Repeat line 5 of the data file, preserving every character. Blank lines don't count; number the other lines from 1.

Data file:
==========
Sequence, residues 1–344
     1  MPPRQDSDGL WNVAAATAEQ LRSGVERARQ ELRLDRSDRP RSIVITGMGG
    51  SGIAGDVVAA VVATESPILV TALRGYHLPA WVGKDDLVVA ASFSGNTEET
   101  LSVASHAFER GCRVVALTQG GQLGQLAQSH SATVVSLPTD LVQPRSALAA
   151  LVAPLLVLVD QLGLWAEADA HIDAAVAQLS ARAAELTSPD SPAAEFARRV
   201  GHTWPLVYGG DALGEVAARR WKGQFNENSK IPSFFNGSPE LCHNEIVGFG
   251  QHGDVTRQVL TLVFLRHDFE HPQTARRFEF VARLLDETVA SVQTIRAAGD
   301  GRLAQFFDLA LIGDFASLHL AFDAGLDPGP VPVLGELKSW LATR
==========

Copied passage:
   151  LVAPLLVLVD QLGLWAEADA HIDAAVAQLS ARAAELTSPD SPAAEFARRV